CAIR has noted a "spike" in anti-Muslim incidents since Trump became president-elect. The group has documented 111 incidents, mostly Muslim women and girls being taunted and having their hijabs removed or pulled, often by people wearing Trump shirts.

"While Trump distances himself from the white nationalists that support him, these hate groups and their followers will continue to feel emboldened if Trump pursues policies that are based on racial and religious profiling and discrimination," added McCaw. 

After the 9/11 attacks, US security services stepped up surveillance and eavesdropping activities, targeting mosques, Muslims and their community centres in a manner that was praised by some but criticised for driving a wedge between Americans.

Beefing up the security services is an option for Trump, though it would be controversial. McCaw cautions against the "revival" of such programmes. For Mauro, halting terrorist strikes requires specialists focused on religious militants, white supremacists and other threats.

"If a mosque hosts radical speakers at public events, law enforcement officers can do what every member of the public can do, and attend that event," Mauro said.

"Broadening the spectrum to go beyond prescribed terrorist organisations to collect intelligence on extremists and activists is perfectly appropriate."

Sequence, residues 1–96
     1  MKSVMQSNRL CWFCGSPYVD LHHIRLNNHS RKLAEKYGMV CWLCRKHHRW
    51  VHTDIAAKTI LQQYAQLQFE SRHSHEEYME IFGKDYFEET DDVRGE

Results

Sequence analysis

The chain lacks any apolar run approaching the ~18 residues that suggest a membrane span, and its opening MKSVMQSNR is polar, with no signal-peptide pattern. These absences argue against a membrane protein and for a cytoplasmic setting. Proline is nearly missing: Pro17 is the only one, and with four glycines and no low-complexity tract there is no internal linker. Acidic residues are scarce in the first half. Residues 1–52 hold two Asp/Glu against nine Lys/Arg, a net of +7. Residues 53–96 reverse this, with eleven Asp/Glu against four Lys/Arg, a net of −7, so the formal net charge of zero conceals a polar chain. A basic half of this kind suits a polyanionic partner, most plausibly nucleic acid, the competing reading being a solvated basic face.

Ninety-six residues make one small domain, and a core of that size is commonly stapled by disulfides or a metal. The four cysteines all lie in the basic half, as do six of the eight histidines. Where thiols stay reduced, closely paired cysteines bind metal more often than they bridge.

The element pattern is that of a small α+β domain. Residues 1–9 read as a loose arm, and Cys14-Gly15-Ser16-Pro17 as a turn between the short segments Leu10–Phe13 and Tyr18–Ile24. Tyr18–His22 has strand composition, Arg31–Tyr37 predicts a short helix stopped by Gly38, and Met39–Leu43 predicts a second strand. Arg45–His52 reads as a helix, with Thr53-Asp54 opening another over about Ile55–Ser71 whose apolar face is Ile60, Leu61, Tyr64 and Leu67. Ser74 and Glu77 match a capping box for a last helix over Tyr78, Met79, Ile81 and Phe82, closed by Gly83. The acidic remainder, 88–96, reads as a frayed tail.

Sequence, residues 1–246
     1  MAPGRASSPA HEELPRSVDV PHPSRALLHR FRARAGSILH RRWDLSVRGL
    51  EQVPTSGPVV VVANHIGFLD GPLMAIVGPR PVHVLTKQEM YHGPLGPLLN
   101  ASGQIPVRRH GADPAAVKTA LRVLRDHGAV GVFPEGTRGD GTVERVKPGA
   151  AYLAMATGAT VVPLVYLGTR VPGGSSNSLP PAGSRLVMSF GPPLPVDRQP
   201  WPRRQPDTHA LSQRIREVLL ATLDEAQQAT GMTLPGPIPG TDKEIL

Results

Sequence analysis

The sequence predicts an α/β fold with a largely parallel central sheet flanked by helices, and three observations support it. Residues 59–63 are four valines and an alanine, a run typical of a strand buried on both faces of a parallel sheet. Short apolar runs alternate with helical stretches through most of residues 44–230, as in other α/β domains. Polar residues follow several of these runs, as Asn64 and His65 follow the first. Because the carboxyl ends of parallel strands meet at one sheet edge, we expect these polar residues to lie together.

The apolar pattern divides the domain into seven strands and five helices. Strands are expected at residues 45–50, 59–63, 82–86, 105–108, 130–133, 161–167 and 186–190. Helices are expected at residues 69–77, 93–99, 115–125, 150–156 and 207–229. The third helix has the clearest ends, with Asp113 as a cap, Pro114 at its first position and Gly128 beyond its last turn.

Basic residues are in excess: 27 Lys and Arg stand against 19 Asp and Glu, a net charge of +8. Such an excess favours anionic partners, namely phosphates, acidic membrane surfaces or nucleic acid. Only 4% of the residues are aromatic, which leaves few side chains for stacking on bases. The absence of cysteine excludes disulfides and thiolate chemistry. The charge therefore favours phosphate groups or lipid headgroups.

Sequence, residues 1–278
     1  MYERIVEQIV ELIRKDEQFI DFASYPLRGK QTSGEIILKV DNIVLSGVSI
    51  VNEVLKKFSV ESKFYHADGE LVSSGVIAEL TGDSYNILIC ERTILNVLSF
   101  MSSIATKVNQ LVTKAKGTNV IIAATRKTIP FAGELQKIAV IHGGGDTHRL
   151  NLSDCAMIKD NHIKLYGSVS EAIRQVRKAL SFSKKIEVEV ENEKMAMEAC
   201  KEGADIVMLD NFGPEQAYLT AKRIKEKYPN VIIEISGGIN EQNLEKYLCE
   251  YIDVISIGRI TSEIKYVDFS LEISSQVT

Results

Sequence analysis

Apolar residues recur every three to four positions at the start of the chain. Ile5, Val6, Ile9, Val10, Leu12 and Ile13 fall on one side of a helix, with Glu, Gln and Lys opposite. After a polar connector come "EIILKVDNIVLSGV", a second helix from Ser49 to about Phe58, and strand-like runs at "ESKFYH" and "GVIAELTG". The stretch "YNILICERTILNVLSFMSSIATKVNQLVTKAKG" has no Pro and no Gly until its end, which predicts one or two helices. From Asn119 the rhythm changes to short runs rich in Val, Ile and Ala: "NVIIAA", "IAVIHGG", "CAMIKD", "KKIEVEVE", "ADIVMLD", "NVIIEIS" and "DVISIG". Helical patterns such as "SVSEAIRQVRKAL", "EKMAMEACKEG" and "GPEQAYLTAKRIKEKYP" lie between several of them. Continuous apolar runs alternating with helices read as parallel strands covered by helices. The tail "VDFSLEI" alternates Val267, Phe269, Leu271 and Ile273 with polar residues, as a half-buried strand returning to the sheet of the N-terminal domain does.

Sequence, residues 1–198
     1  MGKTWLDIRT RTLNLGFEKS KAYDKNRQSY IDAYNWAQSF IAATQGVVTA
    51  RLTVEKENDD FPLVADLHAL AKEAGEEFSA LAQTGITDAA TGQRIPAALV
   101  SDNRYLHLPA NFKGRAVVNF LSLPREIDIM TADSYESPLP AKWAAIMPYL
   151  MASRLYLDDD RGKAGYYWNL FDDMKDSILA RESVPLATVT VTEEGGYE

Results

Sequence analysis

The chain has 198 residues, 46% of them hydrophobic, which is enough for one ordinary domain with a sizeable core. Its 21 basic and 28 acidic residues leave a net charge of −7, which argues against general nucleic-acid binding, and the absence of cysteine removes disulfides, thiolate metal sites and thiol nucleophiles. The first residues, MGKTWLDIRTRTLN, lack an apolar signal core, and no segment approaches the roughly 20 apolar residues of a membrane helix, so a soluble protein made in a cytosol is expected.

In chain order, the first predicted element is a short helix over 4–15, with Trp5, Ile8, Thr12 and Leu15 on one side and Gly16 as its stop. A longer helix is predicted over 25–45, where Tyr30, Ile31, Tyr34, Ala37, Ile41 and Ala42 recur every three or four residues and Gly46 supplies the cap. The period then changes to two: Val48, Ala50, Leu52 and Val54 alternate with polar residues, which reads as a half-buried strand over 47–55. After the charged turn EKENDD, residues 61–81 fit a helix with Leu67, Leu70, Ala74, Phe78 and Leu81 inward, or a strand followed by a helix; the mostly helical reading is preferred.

Worst-case scenarios

Any reboot of an NSEERS-like scheme worries campaigners because it could lead to calls for comparable vetting of Muslim-American citizens – even though such a move may be unworkable and unconstitutional.

Trump supporters have debated a registry of the estimated 3.3 million American Muslims. The US constitution forbids religious discrimination, while there is no formal test for who is, and is not, a Muslim.

"How do you identify someone who just converted and someone who left the faith? Or someone who identifies as a Muslim but doesn’t practise, or practices a modern, pro-American version? It would just be a mess," said Mauro.

Some recall the internment of Japanese Americans in the Second World War.

'How do you identify someone who just converted and someone who left the faith?' - Ryan Mauro

Beginning in 1942 and ending in 1946, following the Japanese attack on Pearl Harbor, the US government incarcerated as many as 120,000 people of Japanese descent in internment camps throughout the US, mostly US citizens.

A registry of Muslim Americans is closer than we think, said McCaw. US security chiefs already use a “watch list” of some 20,000 Muslim Americans with "affiliations or tendencies towards terrorism". The bar for inscription is already low – Trump could lower it further still, he added.